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- Biographical Notes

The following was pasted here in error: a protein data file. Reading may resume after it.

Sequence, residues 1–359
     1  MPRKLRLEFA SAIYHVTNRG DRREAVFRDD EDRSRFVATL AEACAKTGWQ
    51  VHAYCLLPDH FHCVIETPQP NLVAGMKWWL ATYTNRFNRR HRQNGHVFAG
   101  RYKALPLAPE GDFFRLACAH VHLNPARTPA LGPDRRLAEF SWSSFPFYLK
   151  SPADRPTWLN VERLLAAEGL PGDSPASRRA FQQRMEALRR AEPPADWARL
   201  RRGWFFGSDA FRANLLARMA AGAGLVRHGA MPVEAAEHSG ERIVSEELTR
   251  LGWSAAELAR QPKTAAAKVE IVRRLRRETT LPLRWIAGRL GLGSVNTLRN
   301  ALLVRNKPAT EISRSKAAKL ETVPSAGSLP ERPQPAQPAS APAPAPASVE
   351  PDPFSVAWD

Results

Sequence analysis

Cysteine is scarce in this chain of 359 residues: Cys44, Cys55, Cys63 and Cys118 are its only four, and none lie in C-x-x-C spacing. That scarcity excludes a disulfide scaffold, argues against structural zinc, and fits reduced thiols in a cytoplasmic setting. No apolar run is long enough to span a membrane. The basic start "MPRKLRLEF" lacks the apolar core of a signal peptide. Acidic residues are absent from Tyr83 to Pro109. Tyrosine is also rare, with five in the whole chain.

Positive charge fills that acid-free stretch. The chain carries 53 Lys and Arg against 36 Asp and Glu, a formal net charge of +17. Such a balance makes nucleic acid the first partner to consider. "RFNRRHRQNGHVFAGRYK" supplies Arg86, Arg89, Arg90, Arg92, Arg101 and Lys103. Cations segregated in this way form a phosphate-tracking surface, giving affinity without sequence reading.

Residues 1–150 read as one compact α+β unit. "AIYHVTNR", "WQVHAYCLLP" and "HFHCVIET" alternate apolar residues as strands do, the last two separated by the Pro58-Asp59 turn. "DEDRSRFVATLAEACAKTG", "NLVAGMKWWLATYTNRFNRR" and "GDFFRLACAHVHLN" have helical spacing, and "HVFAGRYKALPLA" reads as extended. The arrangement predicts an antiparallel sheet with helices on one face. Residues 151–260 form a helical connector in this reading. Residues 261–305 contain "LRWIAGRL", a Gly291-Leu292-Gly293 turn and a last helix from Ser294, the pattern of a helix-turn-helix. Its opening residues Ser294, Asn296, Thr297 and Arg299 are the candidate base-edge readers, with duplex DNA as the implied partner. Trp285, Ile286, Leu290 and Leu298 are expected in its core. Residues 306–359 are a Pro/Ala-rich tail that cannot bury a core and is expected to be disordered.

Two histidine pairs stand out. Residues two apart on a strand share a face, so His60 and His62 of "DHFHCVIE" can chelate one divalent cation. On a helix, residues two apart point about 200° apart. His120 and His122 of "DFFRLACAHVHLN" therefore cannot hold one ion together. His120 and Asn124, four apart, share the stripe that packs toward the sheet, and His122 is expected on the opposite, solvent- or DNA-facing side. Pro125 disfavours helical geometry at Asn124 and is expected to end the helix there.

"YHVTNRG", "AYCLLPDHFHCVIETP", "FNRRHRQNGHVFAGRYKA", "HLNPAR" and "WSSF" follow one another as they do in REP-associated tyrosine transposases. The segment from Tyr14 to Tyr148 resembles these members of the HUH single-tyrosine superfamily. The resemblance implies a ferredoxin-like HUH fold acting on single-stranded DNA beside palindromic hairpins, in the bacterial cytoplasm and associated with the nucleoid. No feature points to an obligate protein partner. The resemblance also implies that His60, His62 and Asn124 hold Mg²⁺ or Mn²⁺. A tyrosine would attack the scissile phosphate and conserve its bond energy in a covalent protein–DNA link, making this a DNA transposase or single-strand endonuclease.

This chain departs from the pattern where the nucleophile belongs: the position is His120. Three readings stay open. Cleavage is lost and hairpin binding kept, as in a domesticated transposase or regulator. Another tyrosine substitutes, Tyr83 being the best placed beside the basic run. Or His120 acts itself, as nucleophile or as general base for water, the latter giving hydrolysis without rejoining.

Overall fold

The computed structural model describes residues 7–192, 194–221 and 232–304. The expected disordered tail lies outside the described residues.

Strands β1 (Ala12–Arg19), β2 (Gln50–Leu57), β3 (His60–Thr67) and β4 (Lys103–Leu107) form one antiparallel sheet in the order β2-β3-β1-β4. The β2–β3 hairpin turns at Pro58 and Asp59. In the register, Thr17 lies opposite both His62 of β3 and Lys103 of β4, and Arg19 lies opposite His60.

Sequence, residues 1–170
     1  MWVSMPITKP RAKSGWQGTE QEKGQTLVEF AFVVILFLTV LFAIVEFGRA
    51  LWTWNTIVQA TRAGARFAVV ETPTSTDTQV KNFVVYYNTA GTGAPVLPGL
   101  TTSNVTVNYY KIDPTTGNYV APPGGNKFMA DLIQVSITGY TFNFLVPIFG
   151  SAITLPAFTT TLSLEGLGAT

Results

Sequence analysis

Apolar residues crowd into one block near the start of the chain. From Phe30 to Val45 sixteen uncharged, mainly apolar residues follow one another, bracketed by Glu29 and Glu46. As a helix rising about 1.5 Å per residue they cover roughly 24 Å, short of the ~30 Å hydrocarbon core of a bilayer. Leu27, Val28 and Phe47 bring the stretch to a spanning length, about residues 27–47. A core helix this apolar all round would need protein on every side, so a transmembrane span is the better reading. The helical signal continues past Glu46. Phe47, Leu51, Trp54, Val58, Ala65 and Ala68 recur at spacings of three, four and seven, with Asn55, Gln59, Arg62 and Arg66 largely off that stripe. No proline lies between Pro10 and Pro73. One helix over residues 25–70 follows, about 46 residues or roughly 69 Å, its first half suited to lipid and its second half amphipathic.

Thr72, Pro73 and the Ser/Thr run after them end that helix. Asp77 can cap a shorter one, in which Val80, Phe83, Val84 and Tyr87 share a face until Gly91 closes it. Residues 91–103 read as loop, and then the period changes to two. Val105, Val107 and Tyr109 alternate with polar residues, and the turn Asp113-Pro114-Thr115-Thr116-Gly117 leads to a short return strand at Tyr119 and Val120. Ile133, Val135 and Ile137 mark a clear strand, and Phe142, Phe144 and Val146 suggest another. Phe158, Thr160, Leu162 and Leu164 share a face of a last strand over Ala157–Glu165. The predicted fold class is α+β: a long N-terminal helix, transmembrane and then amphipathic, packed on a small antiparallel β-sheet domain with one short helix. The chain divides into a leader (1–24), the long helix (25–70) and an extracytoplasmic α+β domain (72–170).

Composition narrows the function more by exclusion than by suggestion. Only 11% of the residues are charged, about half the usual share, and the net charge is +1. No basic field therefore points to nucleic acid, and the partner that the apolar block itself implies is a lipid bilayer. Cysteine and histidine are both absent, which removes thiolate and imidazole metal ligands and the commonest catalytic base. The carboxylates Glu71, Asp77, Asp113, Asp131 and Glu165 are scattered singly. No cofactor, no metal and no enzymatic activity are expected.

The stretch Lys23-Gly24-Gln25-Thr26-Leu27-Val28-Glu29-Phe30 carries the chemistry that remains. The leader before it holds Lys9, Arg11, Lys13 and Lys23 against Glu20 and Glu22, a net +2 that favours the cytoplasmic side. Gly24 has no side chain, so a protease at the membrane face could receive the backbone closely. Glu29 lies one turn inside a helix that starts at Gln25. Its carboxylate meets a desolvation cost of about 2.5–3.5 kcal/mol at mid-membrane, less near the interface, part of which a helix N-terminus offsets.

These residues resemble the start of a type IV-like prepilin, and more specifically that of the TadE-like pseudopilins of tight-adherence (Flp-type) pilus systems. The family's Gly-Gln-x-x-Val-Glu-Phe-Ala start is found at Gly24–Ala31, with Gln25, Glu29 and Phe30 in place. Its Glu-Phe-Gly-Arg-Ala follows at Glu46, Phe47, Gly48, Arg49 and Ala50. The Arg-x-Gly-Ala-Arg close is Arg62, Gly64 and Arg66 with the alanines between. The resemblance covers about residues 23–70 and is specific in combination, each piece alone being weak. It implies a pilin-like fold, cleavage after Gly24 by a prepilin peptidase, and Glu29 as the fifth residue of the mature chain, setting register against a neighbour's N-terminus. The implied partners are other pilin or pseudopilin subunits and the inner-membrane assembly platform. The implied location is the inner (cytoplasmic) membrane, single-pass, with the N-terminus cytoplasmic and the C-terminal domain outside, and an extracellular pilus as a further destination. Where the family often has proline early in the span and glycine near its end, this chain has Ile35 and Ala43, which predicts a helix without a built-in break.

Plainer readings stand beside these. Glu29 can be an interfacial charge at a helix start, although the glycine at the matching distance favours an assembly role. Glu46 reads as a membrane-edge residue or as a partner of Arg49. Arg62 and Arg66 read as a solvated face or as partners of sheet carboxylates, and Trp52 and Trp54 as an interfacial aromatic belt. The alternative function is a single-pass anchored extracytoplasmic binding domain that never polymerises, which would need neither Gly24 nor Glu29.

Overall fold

Born on January 1, 1896; grew up Jewish; brother of David; emigrated to the United States with his family in 1899; refused to comply with the Conscription Act; registered? on June 5, 1917, as a C.O. (but, was arrested in 1917 for not registering?); along with Samuel Sterenstein was found guilty of "defiance" at Camp Upton on July 28, 1918, for refusing inoculation, and sentenced to 20 years at Ft. Jay / Governor’s Island (where 1 of 3 disciplinary barracks was located); interviewed by Board of Inquiry on June 18, 1918 at Upton, and on Feb. 15, 1919 at Disciplinary Barracks [Ft. Leavenworth]; was classed by Board of Inquiry first as ??, later as 6; sentenced to 20 years of hard labor, reduced to 4 years; dates (circa): Tombs Prison, NYC (3 weeks, 1917) Camp Upton, NY (Dec. 31, 1917 - Aug. 2, 1918) Court-martialed (July 1918) Ft. Jay, Governor's Island, NYC (Aug. 3, 1918 - ??) Ft. Leavenworth, KS (April 24, 1919 - July 3, 1919) Ft. Douglas, UT (Aug. 4, 1919 - Jan. 30, 1920); during these years he refused to cooperate with any compulsory actions other than those required to fulfill his own personal needs; was sometimes sentenced to solitary confinement and bread and water rations; brother Isaac Eichel was part of Dec. 1918 delegation that visited Secretary of War Baker to plea for release of C.O.s in prison at Ft. Leavenworth; reason for stance = socialist and humanitarian; member of Socialist Party; family members lived in crowded Jewish ghetto in NYC's lower east side and were staunch defenders of C.O. stance; died in 1989; author of The Judge Said “20 Years”.